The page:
The Workshop brought together around 75 participants from 13 African nations and around the world for in-depth discussions of the issues facing SEPLS particularly in Africa. The event was co-organized by the IPSI Secretariat and, from the Government of Ghana, the Ghana National Biodiversity Committee, the Forestry Commission of Ghana, and the Ministry of Environment, Science, Technology and Innovation (MESTI). Local cooperating organizations A Rocha Ghana and Conservation Alliance also provided assistance in its organization. The opening ceremony featured guest addresses by the Honourable Dr. Bernice Heloo, MP for the Hohoe Municipality and Deputy Minister for Environment, Science, Technology and Innovation (MESTI) of Ghana, and Daniel Pelle of the Forestry Commission of Ghana.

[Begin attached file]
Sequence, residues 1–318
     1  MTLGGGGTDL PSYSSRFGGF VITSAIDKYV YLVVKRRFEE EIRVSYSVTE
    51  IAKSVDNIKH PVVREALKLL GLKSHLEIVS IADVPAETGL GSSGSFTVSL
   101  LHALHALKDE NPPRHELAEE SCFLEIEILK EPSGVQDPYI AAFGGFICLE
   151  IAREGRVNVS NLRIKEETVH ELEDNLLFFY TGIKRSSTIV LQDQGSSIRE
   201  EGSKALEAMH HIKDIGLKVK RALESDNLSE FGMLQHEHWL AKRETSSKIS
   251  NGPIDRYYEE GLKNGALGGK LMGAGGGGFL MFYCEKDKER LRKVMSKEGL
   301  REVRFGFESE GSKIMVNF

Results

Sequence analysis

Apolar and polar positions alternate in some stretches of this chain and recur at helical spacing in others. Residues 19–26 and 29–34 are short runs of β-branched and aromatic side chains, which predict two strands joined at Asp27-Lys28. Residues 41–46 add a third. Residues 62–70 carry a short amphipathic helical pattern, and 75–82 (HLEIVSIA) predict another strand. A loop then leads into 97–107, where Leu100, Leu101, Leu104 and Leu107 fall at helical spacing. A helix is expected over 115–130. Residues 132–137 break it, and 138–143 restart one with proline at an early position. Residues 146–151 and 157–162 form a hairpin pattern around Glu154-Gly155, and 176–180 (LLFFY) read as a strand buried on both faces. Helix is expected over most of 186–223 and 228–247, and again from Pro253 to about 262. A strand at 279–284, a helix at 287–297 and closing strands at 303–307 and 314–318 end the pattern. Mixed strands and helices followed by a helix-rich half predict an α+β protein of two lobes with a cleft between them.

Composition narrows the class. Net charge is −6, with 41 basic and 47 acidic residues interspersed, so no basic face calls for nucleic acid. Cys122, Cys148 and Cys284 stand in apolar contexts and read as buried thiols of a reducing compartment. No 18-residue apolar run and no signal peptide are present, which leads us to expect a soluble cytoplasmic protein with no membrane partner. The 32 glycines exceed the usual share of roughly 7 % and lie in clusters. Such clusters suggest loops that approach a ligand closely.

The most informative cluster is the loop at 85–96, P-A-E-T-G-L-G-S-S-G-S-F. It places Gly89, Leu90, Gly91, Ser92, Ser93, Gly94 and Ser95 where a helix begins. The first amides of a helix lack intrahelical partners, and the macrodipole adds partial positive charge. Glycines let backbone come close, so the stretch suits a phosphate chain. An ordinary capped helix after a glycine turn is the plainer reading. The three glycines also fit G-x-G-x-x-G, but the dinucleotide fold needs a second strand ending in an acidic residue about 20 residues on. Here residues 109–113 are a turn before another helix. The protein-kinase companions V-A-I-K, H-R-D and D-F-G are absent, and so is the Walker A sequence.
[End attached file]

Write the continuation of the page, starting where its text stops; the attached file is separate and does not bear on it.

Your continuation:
The event was Chaired by Prof. Alfred Oteng-Yeboah, Chair of the Ghana National Biodiversity Committee, with plenary discussions moderated by Dr. Wanja Dorothy Nyingi, Coordinator of the Kenya Wetlands Biodiversity Research Team and Dr. Maurizio Farhan Ferrari, Environmental Governance Coordinator at the Forest Peoples Programme. Keynote speeches were provided by Prof. Kazuhiko Takeuchi, Senior Vice-Rector of the United Nations University, Dr. Tanya Abrahamse, CEO of the South African Biodiversity Institute (SAMBI) and Prof. Alfred Oteng-Yeboah, Chair of the Ghana National Biodiversity Committee. These were followed by working group sessions, where participants engaged in in-depth discussion of SEPLS in Africa.

Building on the success of this event, the IPSI Secretariat looks forward to working more intensively at the regional level and organizing further Regional Workshops around the world in the future. The IPSI Secretariat also plans to produce a publication about SEPLS in Africa in addition to the official workshop report, which will be available on the IPSI website soon.